What is cryptocurrency and how cryptocurrencies emerged as a side product of digital cash

Few people know, but cryptocurrencies emerged as a side product of another invention. Satoshi Nakamoto, the unknown inventor of Bitcoin, the first and still most important cryptocurrency, never intended to invent a currency.

In his announcement of Bitcoin in late 2008, Satoshi said he developed “A Peer-to-Peer Electronic Cash System.“

His goal was to invent something; many people failed to create before digital cash.

After seeing all the centralized attempts fail, Satoshi tried to build a digital cash system without a central entity. Like a Peer-to-Peer network for file sharing.

This decision became the birth of cryptocurrency. They are the missing piece Satoshi found to realize digital cash. The reason why is a bit technical and complex, but if you get it, you‘ll know more about cryptocurrencies than most people do. So, let‘s try to make it as easy as possible:

To realize digital cash you need a payment network with accounts, balances, and transaction. That‘s easy to understand. One major problem every payment network has to solve is to prevent the so-called double spending: to prevent that one entity spends the same amount twice. Usually, this is done by a central server who keeps record about the balances.

In a decentralized network, you don‘t have this server. So you need every single entity of the network to do this job. Every peer in the network needs to have a list with all transactions to check if future transactions are valid or an attempt to double spend.

But how can these entities keep a consensus about this records?

If the peers of the network disagree about only one single, minor balance, everything is broken. They need an absolute consensus. Usually, you take, again, a central authority to declare the correct state of balances. But how can you achieve consensus without a central authority?

Nobody did know until Satoshi emerged out of nowhere. In fact, nobody believed it was even possible.

Satoshi proved it was. His major innovation was to achieve consensus without a central authority. Cryptocurrencies are a part of this solution – the part that made the solution thrilling, fascinating and helped it to roll over the world.

 

 

 

The transaction is known almost immediately by the whole network. But only after a specific amount of time it gets confirmed.

Confirmation is a critical concept in cryptocurrencies. You could say that cryptocurrencies are all about confirmation.

As long as a transaction is unconfirmed, it is pending and can be forged. When a transaction is confirmed, it is set in stone. It is no longer forgeable, it can‘t be reversed, it is part of an immutable record of historical transactions: of the so-called blockchain.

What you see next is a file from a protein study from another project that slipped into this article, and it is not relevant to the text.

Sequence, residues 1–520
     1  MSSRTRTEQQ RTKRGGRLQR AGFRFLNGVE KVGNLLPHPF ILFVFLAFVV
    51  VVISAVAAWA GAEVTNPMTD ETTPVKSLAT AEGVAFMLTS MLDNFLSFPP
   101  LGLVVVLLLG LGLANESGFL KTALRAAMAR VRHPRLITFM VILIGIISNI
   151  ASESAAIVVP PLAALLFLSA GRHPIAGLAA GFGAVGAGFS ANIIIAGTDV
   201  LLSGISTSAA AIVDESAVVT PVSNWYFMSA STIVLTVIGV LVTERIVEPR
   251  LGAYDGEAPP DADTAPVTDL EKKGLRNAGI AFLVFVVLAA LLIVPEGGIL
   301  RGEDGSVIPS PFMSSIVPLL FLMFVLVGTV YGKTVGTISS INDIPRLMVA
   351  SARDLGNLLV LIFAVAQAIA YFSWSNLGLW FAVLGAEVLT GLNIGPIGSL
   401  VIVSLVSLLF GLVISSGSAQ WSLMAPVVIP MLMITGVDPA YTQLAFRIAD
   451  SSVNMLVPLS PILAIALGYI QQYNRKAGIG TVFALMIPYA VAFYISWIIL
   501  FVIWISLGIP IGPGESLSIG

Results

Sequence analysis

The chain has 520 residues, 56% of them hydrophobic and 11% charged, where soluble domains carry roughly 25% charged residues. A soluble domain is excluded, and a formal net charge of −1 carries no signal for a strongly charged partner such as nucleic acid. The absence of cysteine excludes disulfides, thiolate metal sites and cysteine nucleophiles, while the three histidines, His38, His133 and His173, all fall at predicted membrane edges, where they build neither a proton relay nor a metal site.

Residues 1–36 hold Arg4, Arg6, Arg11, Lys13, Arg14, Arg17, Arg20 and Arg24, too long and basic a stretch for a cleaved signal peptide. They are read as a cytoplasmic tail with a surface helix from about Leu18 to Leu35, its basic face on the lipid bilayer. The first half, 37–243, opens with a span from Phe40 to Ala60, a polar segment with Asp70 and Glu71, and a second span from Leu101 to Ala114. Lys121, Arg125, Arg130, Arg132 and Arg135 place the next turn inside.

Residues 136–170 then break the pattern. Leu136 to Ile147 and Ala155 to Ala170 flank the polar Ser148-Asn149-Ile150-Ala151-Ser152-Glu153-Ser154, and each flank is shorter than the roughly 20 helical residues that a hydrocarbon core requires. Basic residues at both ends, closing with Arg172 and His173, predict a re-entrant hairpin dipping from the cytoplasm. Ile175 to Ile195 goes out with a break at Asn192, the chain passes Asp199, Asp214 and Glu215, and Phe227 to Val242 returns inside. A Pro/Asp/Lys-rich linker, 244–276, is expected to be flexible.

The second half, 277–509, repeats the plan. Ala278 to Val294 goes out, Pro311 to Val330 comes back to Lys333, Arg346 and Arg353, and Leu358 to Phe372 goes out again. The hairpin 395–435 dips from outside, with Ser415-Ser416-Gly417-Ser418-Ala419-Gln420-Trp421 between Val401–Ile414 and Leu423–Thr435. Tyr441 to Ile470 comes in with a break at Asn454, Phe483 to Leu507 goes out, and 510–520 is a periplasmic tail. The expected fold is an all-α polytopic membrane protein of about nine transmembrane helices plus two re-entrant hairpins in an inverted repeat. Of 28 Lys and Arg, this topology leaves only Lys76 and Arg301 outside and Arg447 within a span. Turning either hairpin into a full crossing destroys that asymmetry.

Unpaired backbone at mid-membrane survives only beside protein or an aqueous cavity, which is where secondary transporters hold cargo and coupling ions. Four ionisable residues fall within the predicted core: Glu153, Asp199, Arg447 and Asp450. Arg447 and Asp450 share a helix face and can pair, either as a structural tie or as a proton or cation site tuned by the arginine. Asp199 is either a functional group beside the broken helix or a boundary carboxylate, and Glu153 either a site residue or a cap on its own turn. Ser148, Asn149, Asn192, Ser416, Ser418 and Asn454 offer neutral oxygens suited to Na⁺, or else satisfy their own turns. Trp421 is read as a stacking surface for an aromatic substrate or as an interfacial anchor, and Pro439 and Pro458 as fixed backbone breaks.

Only miners can confirm transactions. This is their job in a cryptocurrency-network. They take transactions, stamp them as legit and spread them in the network. After a transaction is confirmed by a miner, every node has to add it to its database. It has become part of the blockchain.

For this job, the miners get rewarded with a token of the cryptocurrency, for example with Bitcoins. Since the miner‘s activity is the single most important part of cryptocurrency-system we should stay for a moment and take a deeper look on it.

What are miners doing?

Principally everybody can be a miner. Since a decentralized network has no authority to delegate this task, a cryptocurrency needs some kind of mechanism to prevent one ruling party from abusing it. Imagine someone creates thousands of peers and spreads forged transactions. The system would break immediately.

So, Satoshi set the rule that the miners need to invest some work of their computers to qualify for this task. In fact, they have to find a hash – a product of a cryptographic function – that connects the new block with its predecessor. This is called the Proof-of-Work. In Bitcoin, it is based on the SHA 256 Hash algorithm.

 

What is Cryptocurrency

 

You don‘t need to understand details about SHA 256. It‘s only important you know that it can be the basis of a cryptologic puzzle the miners compete to solve. After finding a solution, a miner can build a block and add it to the blockchain. As an incentive, he has the right to add a so-called coinbase transaction that gives him a specific number of Bitcoins. This is the only way to create valid Bitcoins.

Bitcoins can only be created if miners solve a cryptographic puzzle. Since the difficulty of this puzzle increases the amount of computer power the whole miner’s invest, there is only a specific amount of cryptocurrency token that can be created in a given amount of time. This is part of the consensus no peer in the network can break.